Nurse/Patient ratio - what's too much

  1. 0
    I have an interview for what may be my first nursing job. I only have an ADN and no job experience. The job is at a nursing home and I would be assigned 30 patients. Is that too much?

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  2. 7 Comments...

  3. 0
    Yessssss it is so unsafe!!!! Incredible stress!!!! I would run away, not walk.
  4. 0
    Depends on your role - are you supervising or working a run? In my LTC, RN's are typically supervising the LVN's, so their pt. load is between 30 - 90 depending on shift. LVN's usually get assigned a specific run of 30 pts. each, and CNA's get 10-20 pts. per depending on how many are available to work. Ratios vary depending on shift, with NOC getting the most pts. per, and days getting the least.

    Sounds like you may be getting essentially an LVN role to start, with a single run to work. 30 pts. for a single run is fairly typical for LTC. Some run higher, some lower. Best of luck to you!

    ----- Dave
  5. 0
    Sounds like a typical number but it all depends on what's included during care - meds, treatments, charting, phone calls, etc.?

    I'm guessing your position would be a staff/floor nurse.
  6. 0
    Tough much is the number at which you say you've had more than you can take. Worst case for me maybe was 50, night shift- did all treatments, all MDS, stocked everything, made rounds on every person every two hours with the aides (we had an assembly line system, worked like a clock), passed meds all night. etc. Another worst option was 3-11, 22 beds. Could get up to 5 admits a day (F I V E), 15 diabetics, deaths and falls and discharges and emergencies every few minutes, staff came and left (many walked out all the time) almost daily. Hell, in a word.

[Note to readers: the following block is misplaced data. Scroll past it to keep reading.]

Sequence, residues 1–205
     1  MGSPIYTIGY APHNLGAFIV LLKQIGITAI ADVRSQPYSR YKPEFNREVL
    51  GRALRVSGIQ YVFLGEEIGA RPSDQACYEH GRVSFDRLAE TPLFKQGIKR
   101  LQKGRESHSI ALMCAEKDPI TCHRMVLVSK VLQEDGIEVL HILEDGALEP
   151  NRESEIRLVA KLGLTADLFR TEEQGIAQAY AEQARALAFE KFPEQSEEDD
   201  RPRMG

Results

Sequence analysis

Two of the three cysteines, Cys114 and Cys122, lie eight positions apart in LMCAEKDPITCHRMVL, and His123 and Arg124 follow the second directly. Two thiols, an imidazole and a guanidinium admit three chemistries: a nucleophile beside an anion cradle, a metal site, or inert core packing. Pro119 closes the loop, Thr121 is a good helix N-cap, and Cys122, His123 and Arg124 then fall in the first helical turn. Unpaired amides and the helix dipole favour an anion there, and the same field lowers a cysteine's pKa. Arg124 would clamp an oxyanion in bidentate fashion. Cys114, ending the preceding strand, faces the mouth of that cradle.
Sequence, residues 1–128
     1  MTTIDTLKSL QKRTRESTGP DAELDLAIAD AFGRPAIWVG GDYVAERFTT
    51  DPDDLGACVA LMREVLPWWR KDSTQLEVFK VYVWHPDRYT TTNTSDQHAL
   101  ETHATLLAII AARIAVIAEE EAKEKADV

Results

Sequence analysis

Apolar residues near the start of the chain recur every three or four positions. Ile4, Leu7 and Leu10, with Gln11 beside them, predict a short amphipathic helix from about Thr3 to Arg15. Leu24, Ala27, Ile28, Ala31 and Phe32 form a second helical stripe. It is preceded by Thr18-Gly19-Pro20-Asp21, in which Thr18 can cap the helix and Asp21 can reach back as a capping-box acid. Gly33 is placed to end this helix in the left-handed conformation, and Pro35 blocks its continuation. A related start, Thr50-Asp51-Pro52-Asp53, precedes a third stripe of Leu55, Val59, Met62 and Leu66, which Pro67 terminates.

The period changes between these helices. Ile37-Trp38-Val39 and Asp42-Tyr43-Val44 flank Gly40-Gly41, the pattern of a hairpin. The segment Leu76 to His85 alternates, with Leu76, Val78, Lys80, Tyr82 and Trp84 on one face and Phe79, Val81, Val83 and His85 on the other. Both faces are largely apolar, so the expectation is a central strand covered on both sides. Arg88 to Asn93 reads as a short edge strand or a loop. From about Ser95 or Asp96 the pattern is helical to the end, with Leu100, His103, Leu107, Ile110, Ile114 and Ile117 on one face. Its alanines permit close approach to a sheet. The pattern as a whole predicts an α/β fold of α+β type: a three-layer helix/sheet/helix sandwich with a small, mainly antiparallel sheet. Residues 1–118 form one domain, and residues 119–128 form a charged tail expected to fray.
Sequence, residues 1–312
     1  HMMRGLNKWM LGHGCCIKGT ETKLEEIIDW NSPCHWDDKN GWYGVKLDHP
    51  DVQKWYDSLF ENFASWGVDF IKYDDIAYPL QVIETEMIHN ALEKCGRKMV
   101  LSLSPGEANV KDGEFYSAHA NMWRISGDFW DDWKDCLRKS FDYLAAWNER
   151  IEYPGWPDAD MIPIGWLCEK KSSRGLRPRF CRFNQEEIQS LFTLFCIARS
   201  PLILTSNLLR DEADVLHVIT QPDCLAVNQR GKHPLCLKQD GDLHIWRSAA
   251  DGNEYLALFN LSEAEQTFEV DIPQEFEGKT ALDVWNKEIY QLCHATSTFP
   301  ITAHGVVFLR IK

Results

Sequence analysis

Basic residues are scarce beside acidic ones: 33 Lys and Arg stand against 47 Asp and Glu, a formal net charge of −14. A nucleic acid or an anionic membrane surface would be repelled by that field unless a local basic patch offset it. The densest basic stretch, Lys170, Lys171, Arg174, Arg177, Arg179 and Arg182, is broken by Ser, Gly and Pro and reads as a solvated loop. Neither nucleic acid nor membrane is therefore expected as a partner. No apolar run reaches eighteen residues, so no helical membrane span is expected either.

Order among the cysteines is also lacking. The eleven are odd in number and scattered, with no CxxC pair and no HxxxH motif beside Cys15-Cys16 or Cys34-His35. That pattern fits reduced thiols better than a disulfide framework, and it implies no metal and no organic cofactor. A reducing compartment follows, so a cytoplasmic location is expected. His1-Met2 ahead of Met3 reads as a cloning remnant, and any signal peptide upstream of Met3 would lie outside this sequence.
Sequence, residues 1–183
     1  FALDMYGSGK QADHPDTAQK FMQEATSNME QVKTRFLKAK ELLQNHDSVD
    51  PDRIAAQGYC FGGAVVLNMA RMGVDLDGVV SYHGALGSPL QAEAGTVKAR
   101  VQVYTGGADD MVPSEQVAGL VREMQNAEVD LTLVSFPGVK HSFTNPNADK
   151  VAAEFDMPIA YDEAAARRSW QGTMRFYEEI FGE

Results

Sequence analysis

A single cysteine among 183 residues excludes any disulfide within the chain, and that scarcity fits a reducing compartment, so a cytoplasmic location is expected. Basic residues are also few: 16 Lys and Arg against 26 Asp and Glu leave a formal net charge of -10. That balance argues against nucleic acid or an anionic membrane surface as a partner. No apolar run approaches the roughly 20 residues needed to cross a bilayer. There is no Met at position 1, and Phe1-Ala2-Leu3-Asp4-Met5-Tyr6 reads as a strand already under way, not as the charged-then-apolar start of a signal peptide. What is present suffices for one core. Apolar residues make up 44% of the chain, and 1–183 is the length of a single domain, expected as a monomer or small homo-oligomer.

7. 0
    Thank you all, turns out they want a Nurse Manager and they gave me the job. The DON says she has faith in me (because I have a military background and supervisory experience) and that she will not set me up for failure. Please pray for me

    I don't think it's normal for a new graduate nurse to land a Nurse Manager position...I would love to hear someone else started off as a Nurse Manager and is doing well.
    Last edit by Apedro on Jul 30, '13 : Reason: misspelling
  8. 0
    Accepting a 'supervisory' position as a new grad is risky. Will the DON be immediately available for assistance when you need it? If not, this is not an acceptable position for a new grad, no matter how comfortable you are with non-clinical supervision.

    As the RN, you will be legally and professionally responsible for all the clinical care delivered by your subordinates. You will be ultimately responsible for any errors in judgement or failures/delays in treatment due to lack of recognition or awareness of a patient problem, including emergency response & resuscitation. That's a very scary place to be if you are not ready for it.

    Many state BONs (including mine) do not approve of new grads in roles that do not provide adequate structure & clinical supervision. You probably need to investigate this before you accept that job. As an licensed professional, you will always be faced with a dichotomy - your employer's expectations versus your professional obligations/ accountability. This is one of those situations. Jobs come and go, but risking your license can have much more serious consequences.
  9. 0
    Thank you HouTx, I am really scared, I don't want to loose my license. I will speak up and see how long I can extend my training...it's a weekend job so I will also keep applying for acute care in hospitals (to gain much needed experience)...it's been really discouraging though, I've been applying to every entry level position but not a single call back. I feel backed into a corner and I'm praying the DON will not set me up for failure. I will beg to not be left alone too quickly.


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